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View: Kashmiris discarding Pakistan’s approach to capitalise on sentiments

Pakistani leaders have most of the times used Kashmir to whip-up anti-India sentiments to consolidate their political standing and avoid inconvenient questions domestically.

ET CONTRIBUTORS|
Sep 18, 2019, 09.08 AM IST
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Kashmiris understand that Pakistan’s “jehad” in Kashmir has done enormous damage to their cause internationally.
By Avinash Mohananey

“Aar-par ek awaz, Kashmir banega khud mukhtar” (on both sides, Kashmir will become autonomous/ independent) was the slogan being animatedly raised by a large group of youth waving “azad Kashmir” flags and marching towards the rostrum as Imran Khan, Pakistan prime minister, wound up his speech at Muzaffarabad on September 13. Besides, they were also raising other pro-independence slogans, which could be faintly heard in the background while the meeting was still on.

But what really hurt Imran Khan and his backers in Pakistan army that day was the slogan “go Niazi go” raised by the same group with equal fervour. Initially, I didn’t understand whom they were referring as Niazi, till I found out that the full name of Pakistan PM is Imran Ahmed Khan Niazi. The same day, Muzaffarabad police registered a case against eleven university students and arrested one of them.

Kashmiris have been discarding Pakistan’s approach to capitalise the sentiments generated by constitutional changes by India. It was not limited to Muzaffarabad rally in Pakistan Occupied Kashmir (POK). The treatment meted out to emissaries of Imran Khan was far worse in the rally organised by Kashmiris of Pakistan origin along with Khalistani proponents in London on September 3. Barrister Sultan Mehmood Choudhary, President of Pakistan Tehreek-e-Insaf in POK, who was supposed to read out Imran’s message, was attacked with eggs, shoes and flag poles by proindependence proponents. He had to be evacuated and his other three colleagues quietly disappeared.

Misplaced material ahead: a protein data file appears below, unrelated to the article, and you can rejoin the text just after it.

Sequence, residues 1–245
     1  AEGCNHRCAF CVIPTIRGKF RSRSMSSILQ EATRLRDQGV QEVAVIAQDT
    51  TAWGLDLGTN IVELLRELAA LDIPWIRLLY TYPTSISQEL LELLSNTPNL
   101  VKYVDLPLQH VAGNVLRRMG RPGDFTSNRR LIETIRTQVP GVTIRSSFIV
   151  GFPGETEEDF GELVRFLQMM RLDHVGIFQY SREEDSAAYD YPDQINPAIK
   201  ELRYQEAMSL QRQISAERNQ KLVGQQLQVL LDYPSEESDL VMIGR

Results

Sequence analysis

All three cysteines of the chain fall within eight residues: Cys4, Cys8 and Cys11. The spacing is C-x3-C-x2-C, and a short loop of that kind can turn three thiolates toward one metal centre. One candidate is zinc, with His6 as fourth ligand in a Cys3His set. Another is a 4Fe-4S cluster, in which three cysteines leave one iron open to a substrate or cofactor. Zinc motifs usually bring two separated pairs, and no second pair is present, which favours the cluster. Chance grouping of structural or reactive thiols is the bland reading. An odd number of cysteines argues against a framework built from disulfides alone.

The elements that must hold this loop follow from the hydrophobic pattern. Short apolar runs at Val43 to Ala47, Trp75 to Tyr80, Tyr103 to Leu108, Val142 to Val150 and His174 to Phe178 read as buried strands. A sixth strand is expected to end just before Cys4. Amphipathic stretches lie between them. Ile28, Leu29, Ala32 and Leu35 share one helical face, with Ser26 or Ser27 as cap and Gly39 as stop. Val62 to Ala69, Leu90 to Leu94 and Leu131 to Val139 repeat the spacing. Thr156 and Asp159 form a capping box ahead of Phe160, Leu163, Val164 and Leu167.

The organisers this time had made it clear that no Pak flags were to be waved and no speeches would be made by leaders from Pakistan unlike on August 15, when the demonstration was hijacked by Pakistan High Commission in London.

Pakistani leaders have most of the times used Kashmir to whip-up anti-India sentiments to consolidate their political standing and avoid inconvenient questions domestically. Since 1990, the trouble in the Valley is being used as an excuse to deny political rights to Kashmiris in POK. Imran Khan is not doing anything different. This generally suits the broad strategic doctrine of Pakistan army.

Kashmiris don’t subscribe to and accept Pakistan’s narrative of the two- nation theory that divided India in 1947. In the past, Kashmiris were tormented by their co-religionists during Mughal and Afghan rule. At the time of partition, Sheikh Abdullah had told them that the issue was not religious, but that of political and economic rights, which had been denied to them by successive rulers – hence the decision in favour of India. Even the staunch pro-Pak separatists deny that Kashmir is a religious issue.

So, when Imran Khan threatens the world that Muslims across the world would react to what was happening in Kashmir, he is making it as an issue of Ummah (Muslim community) and thereby ignoring the pro-independence sentiment in POK.

Kashmiris understand that Pakistan’s “jehad” in Kashmir has done enormous damage to their cause internationally. Not only Kashmiri cause, Pakistan’s own standing has taken a severe beating globally. Leave aside the issue of Kashmir, Pakistan can’t even plead its own innocence on the issue of terrorism.

Finally, dialogue between India and Pakistan is the only way to bring down tempers and address all genuine concerns of the people of Kashmir on both sides. Nuclear threats and war-mongering by any side will only push the two sides on the path of confrontation, which should be avoided in the interest of peace in the sub-continent.

(The writer is a former IB officer, who served in Pakistan and Kashmir)
(Disclaimer: The opinions expressed in this column are that of the writer. The facts and opinions expressed here do not reflect the views of www.economictimes.com.)

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